Robust statistics represent an alternative approach to parameter estimation, differing from nonrobust statistics (sometimes called classical statistics) in the degree to which they are affected by violations of model assumptions. Whereas nonrobust statistics are greatly affected by small violations of their underlying assumptions, robust statistics are only slightly affected by such violations. Statisticians have focused primarily on designing statistics that are robust to violations of normality, due to both the frequency of nonnormality (e.g., via outliers) and its unwanted impact on commonly used statistics that assume normality (e.g., standard error of the mean). Nevertheless, robust statistics also exist that minimize the impact of violations other than nonnormality (e.g., heteroscedasticity).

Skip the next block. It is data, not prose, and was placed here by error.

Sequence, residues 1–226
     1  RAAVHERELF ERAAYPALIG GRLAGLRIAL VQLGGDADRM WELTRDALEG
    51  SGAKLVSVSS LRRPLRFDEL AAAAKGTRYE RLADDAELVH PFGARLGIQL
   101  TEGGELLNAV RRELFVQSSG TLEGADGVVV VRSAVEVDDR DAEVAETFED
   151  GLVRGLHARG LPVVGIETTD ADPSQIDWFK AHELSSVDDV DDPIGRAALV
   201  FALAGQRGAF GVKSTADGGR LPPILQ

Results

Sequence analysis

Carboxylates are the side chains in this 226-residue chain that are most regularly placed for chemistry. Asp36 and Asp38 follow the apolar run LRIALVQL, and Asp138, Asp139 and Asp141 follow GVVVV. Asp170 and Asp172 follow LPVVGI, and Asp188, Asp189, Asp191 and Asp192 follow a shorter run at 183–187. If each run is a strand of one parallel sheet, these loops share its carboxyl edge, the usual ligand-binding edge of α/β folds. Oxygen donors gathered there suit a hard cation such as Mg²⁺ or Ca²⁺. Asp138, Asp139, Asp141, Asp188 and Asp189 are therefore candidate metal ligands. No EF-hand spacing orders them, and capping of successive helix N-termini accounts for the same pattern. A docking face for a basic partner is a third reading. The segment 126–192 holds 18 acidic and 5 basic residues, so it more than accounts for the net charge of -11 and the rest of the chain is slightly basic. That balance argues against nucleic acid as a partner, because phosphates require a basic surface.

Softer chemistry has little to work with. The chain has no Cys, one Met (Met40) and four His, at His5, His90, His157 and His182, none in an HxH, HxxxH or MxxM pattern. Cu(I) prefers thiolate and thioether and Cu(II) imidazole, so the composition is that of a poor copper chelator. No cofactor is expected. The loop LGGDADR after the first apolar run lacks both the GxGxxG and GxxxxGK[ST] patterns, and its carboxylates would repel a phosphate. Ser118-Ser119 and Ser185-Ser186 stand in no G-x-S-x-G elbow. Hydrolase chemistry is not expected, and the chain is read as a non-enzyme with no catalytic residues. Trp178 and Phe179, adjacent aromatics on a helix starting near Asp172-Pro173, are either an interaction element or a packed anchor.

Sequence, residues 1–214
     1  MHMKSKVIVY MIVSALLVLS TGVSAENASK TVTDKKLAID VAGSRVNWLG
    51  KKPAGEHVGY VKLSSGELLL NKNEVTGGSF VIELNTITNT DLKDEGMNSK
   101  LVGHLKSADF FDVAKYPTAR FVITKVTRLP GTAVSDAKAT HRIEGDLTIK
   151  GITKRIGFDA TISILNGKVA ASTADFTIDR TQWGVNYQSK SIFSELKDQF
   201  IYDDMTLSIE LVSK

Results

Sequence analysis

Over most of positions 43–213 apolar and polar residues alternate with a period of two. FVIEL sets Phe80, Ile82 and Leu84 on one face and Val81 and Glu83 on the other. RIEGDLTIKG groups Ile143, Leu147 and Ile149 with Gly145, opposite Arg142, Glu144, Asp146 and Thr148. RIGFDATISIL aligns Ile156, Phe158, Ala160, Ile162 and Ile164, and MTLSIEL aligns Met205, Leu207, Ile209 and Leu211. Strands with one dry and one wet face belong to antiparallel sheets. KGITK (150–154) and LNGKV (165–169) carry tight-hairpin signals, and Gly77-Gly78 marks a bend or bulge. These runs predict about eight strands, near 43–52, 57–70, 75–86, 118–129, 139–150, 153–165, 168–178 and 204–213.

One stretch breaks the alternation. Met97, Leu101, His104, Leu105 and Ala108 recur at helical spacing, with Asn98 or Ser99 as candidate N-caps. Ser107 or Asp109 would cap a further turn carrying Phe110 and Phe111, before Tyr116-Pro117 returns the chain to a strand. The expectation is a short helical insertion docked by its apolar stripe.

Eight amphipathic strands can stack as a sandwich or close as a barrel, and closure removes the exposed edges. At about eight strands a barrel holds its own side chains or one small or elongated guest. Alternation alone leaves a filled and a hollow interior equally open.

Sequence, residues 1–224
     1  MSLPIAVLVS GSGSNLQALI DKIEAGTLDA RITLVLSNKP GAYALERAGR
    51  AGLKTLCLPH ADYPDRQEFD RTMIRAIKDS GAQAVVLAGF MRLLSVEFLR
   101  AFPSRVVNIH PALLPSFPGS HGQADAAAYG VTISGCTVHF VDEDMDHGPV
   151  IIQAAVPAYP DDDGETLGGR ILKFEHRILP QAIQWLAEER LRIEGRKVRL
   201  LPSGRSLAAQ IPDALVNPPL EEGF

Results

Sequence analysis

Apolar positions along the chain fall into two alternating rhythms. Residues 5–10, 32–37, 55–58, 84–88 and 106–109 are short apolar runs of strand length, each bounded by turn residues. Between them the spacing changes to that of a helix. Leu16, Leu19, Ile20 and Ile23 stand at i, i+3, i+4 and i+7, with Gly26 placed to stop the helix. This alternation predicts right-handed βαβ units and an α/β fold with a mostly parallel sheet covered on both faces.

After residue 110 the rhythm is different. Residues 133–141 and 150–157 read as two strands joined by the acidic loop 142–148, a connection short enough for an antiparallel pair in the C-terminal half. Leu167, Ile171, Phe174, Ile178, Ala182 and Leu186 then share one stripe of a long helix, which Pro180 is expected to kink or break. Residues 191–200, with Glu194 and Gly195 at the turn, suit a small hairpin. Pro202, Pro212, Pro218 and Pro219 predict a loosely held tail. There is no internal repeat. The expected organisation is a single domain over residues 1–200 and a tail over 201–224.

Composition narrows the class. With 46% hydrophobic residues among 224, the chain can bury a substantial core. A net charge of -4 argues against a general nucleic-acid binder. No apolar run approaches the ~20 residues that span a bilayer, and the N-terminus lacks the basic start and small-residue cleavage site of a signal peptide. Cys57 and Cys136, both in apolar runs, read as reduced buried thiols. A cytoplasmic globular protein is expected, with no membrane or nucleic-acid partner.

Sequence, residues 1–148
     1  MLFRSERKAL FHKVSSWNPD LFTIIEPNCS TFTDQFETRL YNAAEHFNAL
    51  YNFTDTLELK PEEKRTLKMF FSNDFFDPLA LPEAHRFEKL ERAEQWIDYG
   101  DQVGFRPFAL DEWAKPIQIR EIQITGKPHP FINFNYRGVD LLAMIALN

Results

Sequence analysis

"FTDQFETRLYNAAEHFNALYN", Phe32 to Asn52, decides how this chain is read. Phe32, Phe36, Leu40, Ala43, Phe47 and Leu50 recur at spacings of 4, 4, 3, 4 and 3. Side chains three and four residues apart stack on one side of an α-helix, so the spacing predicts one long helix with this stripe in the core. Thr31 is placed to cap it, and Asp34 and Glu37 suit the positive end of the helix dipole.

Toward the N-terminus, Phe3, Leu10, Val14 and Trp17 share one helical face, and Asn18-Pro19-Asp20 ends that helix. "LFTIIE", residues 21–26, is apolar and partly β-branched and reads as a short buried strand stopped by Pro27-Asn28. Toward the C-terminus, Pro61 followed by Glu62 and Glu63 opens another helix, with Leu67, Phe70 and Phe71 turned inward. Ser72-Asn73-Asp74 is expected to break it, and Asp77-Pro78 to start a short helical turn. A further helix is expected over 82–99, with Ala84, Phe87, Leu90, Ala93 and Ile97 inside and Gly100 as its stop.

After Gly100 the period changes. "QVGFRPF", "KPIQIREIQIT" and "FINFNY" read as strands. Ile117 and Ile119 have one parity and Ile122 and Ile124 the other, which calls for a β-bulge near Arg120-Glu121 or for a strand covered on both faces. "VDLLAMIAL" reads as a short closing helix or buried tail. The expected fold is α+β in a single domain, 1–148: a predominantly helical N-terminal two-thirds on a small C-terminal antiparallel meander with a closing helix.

Figure 1 A Normal Distributiona (black line), and a Mixed Normal Distributionb (dashed line)

Source: Adapted from Wilcox ...

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